Utrum exsistat methodus theologiae, etc.
Sku: 54200D0L060
Archival Number: A542
Author: Lonergan, B.
Language(s): Latin
Decade: 1960
Open 54200D0L060.pdf

6 handwritten schematic pp. Dated Feb. 8 1963. Beginning of spring 1963 course De Methodo Theologiae.

Database and descriptions Copyright (C) 2017 by Robert M. Doran. Transcription (summary) below (C) 2010 by Robert M. Doran.


The course began on 8 February with a discussion of the question, Does there exist a method of theology? It would seem perhaps that there does not, since theology is not one science but a combination or mixture of sciences, and so there cannot be one method but there must be a combination or mixture of methods. This is a new starting point for his reflections on method, one that seems to pick up on the issues treated under the heading ‘problematica altera’ in the course of the same name in the previous spring. Theology today is a combination of literary-historical studies of the scriptures, the councils, papal documents, the Fathers, the medieval, modern, and contemporary theologians, the liturgy, Christian art, the sociology of religion, philosophical, psychological, phenomenological, and social studies. Again, according to some there is the faith which believes, and there are the mixed conclusions that take premises from faith and premises from reason to yield theological conclusions, where the first premise is from faith, and the second from literary-historical studies. Reference is made to Albert Descamps, Sacra Pagina, vol. 1, Paris: Gembloux, 1959, pp. 132-57, frequently referenced by Lonergan ever it first emerged in his notes little over a year previously; Descamps influenced Lonergan on literary-historical methods of scripture studies.  Thus, it would seem, the method of theology is learned principally by learning the method of literary-historical, philosophical, phenomenological, social, etc., studies, and by adding what pertains to faith.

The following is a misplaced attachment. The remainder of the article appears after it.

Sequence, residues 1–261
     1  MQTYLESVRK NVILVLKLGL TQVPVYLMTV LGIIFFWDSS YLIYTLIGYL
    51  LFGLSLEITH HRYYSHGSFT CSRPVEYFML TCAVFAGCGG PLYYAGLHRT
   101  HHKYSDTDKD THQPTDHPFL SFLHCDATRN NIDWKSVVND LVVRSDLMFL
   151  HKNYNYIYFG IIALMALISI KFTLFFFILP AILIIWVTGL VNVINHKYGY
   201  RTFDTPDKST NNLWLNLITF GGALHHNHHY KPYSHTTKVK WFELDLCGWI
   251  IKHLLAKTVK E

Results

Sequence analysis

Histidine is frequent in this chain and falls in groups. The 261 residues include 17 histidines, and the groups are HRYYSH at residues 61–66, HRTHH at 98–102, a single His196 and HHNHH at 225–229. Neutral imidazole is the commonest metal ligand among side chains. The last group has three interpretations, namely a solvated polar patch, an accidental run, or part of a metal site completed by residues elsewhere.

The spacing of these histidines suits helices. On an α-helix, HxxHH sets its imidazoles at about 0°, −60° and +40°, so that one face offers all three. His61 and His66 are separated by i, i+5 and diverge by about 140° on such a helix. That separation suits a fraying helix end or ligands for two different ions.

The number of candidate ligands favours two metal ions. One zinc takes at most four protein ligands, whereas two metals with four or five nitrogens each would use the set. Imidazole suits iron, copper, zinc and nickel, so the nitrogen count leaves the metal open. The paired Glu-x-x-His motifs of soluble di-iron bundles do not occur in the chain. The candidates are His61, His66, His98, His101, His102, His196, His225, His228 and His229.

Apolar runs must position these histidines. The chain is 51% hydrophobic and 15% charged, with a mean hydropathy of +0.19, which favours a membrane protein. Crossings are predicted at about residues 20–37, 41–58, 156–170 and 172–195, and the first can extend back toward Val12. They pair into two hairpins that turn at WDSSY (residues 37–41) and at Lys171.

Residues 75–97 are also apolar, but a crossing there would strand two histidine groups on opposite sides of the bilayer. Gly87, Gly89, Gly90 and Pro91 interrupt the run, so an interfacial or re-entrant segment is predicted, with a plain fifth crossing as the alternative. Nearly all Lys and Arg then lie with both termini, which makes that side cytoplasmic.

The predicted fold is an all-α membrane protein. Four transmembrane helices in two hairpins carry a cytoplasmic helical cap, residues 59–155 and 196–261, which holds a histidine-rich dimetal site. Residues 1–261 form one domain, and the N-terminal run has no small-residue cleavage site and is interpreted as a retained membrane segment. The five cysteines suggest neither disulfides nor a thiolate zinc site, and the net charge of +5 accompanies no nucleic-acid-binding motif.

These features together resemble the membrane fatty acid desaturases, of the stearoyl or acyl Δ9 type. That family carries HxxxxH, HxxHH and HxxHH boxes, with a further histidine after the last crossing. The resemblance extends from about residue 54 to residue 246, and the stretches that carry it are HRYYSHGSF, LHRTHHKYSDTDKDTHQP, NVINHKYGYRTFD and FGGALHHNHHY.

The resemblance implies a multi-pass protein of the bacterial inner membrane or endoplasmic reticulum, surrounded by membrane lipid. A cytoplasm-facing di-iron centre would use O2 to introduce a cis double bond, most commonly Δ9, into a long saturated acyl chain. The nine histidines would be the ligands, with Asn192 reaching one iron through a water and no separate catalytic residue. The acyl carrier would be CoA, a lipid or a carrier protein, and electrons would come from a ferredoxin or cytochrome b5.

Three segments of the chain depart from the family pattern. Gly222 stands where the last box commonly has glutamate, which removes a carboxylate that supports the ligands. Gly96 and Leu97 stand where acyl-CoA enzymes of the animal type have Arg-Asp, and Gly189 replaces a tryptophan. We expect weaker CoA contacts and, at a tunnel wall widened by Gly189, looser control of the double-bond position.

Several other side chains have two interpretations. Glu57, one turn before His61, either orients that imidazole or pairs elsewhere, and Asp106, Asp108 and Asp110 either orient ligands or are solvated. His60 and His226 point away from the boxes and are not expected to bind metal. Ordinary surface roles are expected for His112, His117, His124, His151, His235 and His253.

But, Lonergan responds, there is another conception of theology that is possible and even probable. Everything depends on the conception one has of theology and of its principle. If things are learned by enumerating authors and by taking one’s bearings on the basis of literary-historical studies, prescinding from the pre-predicative, pre-conceptual, pre-judicial realm, then one’s principle is not real, that is, it is not the subject operating in such and such a manner; rather it is logical (the premises) or the given (the theological loci, fonts); and since there are many premises, loci, fonts, so also both theology and theology’s method is a mixture; there does not exist one relatively autonomous science and method. On the other hand, another conception of theology is not only possible but probable, and in accord with it there would exist a proper method for theology. According to db 1795 (ds 3015) the principle is distinct from the object, which includes everything that is known by reason and everything that is believed by faith; the principle is something real, where ‘reason’ means the subject endowed with the light of reason, and ‘faith’ means the same subject endowed also with the light of faith; and according to db 1796 (ds 3016) the principle of theology is a third, compound principle: ratio per fidem illustrata, reason illumined by faith.